Tuesday

The Library at El Escorial is Moroccan

In his short text The Inspiration of Evidence, وحي البينة, Moroccan historian Mohammed al-Fassi discusses travel literature, أدب الرحالات, which is one of the many genres of Classical Arabic literature. He focuses on Morocco's contributions to this literary tradition, citing Moroccans' unique propensity for travel and exploration. We see this in Ibn Batuta, the Tangier native born in the 14th century, whose 30 year journey, or رحلة, epitomizes the spirit of travel and discovery idealized in the pre-Modern Muslim world.

Included in his survey is a discussion of the travel literature written by pre-Modern Moroccan diplomats who used their diplomatic missions as opportunities to study European society. We will look at this literature in more detail in future, but today we have a story from the pages of history.

In his discussion, al-Fassi includes an interesting account about the Library of famed Moroccan Sultan Ahmed al-Mansour and how it ended up in the Spanish Royal Seat at El Escorial:



The Library at El Escorial is Moroccan
The story of these books is both interesting and enlightening. The library at El Escorial is filled with valuable Arabic manuscripts that many think were left behind by the Arabs who once lived in Andalucia. However, in reality, the Spanish Inquisition's courts made a point of burning all of the Arabic texts they found, which meant no significant collections of Arabic texts remained in Iberia after the departure of the Muslim population in 1492.  
The great Sa'adian Sultan Ahmed al-Mansour, who ruled from 1578 to 1603, was fond of acquiring books and amassed a great library over the course of his reign. His son and successor Zeidan Abu Maali also held a keen interest in books and so added to and grew his father's literary collection.  
When one of his relatives rose up against him, Zeidan was forced to flee his capital of Marrakech. The first thing he thought of was his library, which he packed into boxes to transport with him. He sent them to Safi to have them shipped in a boat there owned by a Frenchman. He ordered the boat to take the books to a harbor in the Souss, in Southern Morocco, where Zeidan's supporters were located. When the boat arrived, the Captain waited for the Sultan to pay him his salary. We waited for a long time. When it seemed like he would not be paid, the Captain left in his ship, taking the precious cargo with him. 
At sea, a band of Spanish pirates intercepted his ship and forced him to hand over the boxes he was carrying. When the pirates opened them they found only books. Fortunately, they thought to present them as a gift to their King. Otherwise, they could have thrown them overboard, because the texts were worthless to the marauders.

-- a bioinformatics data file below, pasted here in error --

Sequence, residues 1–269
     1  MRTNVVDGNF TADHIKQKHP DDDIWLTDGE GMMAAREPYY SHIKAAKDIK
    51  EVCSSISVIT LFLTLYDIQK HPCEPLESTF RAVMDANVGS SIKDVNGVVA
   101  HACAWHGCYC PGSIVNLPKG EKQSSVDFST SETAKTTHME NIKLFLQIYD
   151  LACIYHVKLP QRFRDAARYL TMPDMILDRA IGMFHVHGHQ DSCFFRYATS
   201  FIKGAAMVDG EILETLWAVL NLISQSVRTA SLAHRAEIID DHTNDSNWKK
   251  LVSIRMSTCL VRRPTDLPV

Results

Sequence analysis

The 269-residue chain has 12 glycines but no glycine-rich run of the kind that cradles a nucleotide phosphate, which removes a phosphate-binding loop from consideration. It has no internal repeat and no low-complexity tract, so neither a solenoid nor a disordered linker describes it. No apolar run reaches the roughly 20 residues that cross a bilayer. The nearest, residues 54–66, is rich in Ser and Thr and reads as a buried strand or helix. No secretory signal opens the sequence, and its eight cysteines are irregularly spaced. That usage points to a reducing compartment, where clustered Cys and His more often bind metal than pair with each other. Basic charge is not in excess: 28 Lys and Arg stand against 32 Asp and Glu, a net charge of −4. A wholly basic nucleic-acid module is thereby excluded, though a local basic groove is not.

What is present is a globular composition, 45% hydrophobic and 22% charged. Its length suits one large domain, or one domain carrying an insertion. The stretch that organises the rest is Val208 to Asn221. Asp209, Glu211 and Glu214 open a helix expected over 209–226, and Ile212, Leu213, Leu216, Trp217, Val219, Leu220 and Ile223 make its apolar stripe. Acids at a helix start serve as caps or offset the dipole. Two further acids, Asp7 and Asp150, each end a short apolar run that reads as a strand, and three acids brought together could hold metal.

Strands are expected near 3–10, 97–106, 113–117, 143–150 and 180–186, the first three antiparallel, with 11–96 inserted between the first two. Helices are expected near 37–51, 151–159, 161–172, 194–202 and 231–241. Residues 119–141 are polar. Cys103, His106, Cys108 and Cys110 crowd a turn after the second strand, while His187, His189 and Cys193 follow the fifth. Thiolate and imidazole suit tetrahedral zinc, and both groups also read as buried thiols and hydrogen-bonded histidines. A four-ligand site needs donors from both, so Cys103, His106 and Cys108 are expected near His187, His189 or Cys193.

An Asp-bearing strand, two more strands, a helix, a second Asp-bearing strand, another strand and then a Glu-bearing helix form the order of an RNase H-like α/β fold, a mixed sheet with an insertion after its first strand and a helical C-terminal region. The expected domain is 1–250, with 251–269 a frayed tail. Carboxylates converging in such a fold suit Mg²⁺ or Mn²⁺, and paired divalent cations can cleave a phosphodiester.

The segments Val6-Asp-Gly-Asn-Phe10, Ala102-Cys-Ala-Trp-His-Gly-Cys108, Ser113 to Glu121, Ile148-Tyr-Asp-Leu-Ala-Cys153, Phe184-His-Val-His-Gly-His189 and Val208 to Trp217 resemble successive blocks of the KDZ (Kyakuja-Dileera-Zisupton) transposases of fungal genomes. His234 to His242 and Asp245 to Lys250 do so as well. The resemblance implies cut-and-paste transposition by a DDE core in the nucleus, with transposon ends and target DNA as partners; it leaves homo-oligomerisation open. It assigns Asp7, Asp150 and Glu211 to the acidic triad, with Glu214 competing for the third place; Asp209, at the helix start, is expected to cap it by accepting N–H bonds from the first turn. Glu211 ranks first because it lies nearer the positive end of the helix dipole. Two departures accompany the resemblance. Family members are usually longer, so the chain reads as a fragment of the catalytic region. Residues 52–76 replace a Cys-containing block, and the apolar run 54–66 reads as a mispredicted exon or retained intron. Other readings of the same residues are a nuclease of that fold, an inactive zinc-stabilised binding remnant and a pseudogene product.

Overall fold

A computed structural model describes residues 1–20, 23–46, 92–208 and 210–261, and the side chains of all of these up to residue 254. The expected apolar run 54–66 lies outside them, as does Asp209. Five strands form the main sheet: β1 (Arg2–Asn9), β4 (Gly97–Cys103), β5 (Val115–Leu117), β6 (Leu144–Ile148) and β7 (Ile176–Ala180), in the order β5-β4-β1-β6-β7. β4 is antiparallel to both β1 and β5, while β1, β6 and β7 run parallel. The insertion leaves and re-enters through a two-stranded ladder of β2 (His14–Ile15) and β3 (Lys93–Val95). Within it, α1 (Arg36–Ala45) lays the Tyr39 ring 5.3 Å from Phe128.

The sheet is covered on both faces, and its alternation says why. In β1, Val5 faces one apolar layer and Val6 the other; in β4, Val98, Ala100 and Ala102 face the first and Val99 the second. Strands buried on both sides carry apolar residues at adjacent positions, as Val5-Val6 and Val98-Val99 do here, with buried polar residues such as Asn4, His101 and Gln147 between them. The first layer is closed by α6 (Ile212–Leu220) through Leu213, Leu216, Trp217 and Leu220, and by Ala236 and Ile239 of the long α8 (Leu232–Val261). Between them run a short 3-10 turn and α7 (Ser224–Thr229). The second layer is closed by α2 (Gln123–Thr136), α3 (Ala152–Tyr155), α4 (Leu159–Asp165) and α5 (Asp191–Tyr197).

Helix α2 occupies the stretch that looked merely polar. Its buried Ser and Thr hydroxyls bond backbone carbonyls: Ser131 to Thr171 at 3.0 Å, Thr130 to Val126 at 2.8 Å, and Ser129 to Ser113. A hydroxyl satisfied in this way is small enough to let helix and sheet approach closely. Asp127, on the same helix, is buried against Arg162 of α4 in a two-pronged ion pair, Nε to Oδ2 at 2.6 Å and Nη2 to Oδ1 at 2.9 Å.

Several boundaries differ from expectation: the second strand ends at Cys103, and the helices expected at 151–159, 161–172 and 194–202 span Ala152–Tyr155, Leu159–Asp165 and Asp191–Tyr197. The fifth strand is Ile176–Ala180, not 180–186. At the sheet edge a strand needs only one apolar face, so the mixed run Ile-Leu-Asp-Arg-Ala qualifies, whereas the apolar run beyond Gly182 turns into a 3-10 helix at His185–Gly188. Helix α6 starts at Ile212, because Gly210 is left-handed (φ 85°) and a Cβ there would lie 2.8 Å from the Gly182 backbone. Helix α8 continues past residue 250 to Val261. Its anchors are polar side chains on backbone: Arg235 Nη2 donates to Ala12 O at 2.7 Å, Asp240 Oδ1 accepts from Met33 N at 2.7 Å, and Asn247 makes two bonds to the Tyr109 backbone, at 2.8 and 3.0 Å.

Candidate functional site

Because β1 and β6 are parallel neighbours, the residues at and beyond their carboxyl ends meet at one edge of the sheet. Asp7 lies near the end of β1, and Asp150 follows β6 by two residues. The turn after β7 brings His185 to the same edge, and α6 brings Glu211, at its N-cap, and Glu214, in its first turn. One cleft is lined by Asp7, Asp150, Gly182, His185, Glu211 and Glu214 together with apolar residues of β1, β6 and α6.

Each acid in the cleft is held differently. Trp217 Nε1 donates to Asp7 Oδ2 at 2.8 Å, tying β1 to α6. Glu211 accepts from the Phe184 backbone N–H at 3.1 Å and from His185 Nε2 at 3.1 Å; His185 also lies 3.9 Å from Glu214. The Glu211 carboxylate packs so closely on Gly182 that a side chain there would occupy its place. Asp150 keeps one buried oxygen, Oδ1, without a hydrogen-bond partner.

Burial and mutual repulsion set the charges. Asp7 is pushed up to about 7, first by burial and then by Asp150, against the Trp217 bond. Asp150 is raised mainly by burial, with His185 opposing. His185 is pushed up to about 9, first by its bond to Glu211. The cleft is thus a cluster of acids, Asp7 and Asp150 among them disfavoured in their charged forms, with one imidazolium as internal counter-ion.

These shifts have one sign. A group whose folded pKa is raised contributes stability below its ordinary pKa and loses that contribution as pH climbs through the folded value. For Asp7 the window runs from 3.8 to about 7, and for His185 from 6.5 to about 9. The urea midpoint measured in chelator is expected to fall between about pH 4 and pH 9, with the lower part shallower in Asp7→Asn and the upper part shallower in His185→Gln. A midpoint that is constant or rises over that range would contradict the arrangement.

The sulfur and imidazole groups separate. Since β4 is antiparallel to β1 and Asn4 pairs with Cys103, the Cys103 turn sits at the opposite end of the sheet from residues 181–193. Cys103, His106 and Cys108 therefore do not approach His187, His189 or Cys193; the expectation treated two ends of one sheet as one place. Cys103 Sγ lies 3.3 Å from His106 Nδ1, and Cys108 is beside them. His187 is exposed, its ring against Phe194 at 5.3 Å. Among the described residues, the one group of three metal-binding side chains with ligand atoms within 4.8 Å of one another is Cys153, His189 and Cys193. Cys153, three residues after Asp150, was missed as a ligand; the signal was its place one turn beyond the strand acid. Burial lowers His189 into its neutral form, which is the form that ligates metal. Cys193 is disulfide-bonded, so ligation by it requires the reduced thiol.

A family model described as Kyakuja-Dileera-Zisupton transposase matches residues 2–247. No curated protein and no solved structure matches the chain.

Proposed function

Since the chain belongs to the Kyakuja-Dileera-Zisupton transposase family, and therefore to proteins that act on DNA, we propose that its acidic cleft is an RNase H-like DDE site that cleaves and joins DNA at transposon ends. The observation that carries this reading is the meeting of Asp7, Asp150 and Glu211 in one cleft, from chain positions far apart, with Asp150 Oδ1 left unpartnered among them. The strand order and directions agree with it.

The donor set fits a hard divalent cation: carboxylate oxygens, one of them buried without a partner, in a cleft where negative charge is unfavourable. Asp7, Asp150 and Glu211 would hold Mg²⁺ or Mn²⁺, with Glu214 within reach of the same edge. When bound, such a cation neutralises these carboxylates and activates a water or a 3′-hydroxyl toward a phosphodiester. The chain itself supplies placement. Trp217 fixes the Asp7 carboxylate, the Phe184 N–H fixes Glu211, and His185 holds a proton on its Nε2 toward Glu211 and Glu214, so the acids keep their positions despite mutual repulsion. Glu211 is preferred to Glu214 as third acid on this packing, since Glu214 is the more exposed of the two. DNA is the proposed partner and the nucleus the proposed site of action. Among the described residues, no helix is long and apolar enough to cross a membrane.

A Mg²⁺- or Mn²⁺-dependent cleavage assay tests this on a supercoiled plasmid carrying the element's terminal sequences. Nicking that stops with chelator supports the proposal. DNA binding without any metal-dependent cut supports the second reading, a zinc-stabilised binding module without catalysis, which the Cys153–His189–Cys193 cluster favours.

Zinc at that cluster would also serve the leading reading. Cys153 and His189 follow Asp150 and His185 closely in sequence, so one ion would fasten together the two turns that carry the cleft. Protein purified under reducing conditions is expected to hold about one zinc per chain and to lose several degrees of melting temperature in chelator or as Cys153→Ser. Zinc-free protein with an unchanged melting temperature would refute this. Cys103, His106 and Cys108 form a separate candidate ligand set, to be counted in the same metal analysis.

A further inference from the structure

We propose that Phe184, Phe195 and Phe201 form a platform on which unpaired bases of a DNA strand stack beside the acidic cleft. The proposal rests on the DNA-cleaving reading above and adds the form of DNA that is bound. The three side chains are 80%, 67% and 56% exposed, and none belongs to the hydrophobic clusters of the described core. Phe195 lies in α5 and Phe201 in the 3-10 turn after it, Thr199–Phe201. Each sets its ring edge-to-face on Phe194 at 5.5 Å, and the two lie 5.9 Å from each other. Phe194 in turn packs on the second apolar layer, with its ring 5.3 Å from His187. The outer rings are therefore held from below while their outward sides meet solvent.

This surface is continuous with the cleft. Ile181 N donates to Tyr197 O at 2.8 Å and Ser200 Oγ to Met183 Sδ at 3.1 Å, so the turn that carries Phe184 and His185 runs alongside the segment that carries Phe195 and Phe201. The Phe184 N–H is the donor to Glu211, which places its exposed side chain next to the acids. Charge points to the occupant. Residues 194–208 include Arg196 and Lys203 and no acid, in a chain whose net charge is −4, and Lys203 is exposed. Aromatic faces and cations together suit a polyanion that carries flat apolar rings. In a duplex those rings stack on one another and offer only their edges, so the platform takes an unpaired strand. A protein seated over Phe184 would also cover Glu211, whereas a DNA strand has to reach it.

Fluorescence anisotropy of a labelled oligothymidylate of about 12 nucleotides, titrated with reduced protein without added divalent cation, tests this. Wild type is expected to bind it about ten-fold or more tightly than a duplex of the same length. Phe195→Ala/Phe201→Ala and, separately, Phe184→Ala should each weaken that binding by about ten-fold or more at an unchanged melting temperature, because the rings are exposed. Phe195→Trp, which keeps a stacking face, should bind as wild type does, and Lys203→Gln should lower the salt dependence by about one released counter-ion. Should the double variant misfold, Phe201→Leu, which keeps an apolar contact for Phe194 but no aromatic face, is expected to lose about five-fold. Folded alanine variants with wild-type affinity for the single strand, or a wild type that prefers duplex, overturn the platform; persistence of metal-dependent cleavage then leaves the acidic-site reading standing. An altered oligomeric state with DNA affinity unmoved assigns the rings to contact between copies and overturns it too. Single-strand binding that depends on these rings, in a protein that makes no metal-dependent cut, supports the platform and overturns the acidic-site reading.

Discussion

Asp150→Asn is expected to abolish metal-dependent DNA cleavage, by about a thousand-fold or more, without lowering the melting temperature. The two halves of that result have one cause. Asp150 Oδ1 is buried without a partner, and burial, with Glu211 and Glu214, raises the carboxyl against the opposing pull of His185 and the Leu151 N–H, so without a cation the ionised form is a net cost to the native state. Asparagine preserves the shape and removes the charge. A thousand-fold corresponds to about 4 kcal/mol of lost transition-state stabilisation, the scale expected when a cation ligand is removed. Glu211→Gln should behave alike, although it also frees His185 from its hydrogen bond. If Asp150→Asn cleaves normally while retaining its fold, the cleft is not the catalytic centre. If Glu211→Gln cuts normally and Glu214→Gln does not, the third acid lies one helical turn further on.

At the time, Philip II, King of Spain, was busy building the Basilica de San Lorenzo de El Escorial. When the books were delivered to him, he dedicated them to his new monastery. Scholars from around the world have traveled there to study these texts, which remain in Spain to this day. 
Since that time, the Sultans of the Alaouite dynasty, who succeeded the Saadians, have, at every opportunity, demanded for the return of these precious texts and manuscripts.

This story sheds light on the relationship between Morocco and Spain in the pre-Modern period in particular, and, in general, the changing dynamics of trans-Mediterranean politics as Europe entered Modernity.

In the late 15th and 16th centuries, Europe achieved naval superiority in the Western Mediterranean. This came to define political relations between Southern Europe and North Africa, the latter becoming ever weaker.

Al-Fassi describes piracy as one of the biggest security challenges to the Alaouite Dynasty, which came to power in 1664. European pirates posed a great threat to Morocco's trade as well as the safety of Muslims emigrating from Europe.

According to al-Fassi, the purpose of Moroccan diplomat al-Ghassani's famous mission to Spain in 1690 was to negotiate the safe passage of Moorish emigrants and to ask for the return of Arabic texts remaining on the Iberian peninsula.

Obviously, as the story above illustrates, this diplomatic mission failed to bring back the texts, as have subsequent attempts to do so.

As time progressed, Europe continued to use its technological superiority to define increasingly exploitative diplomatic and economic relationships with the rest of the pre-Modern world.

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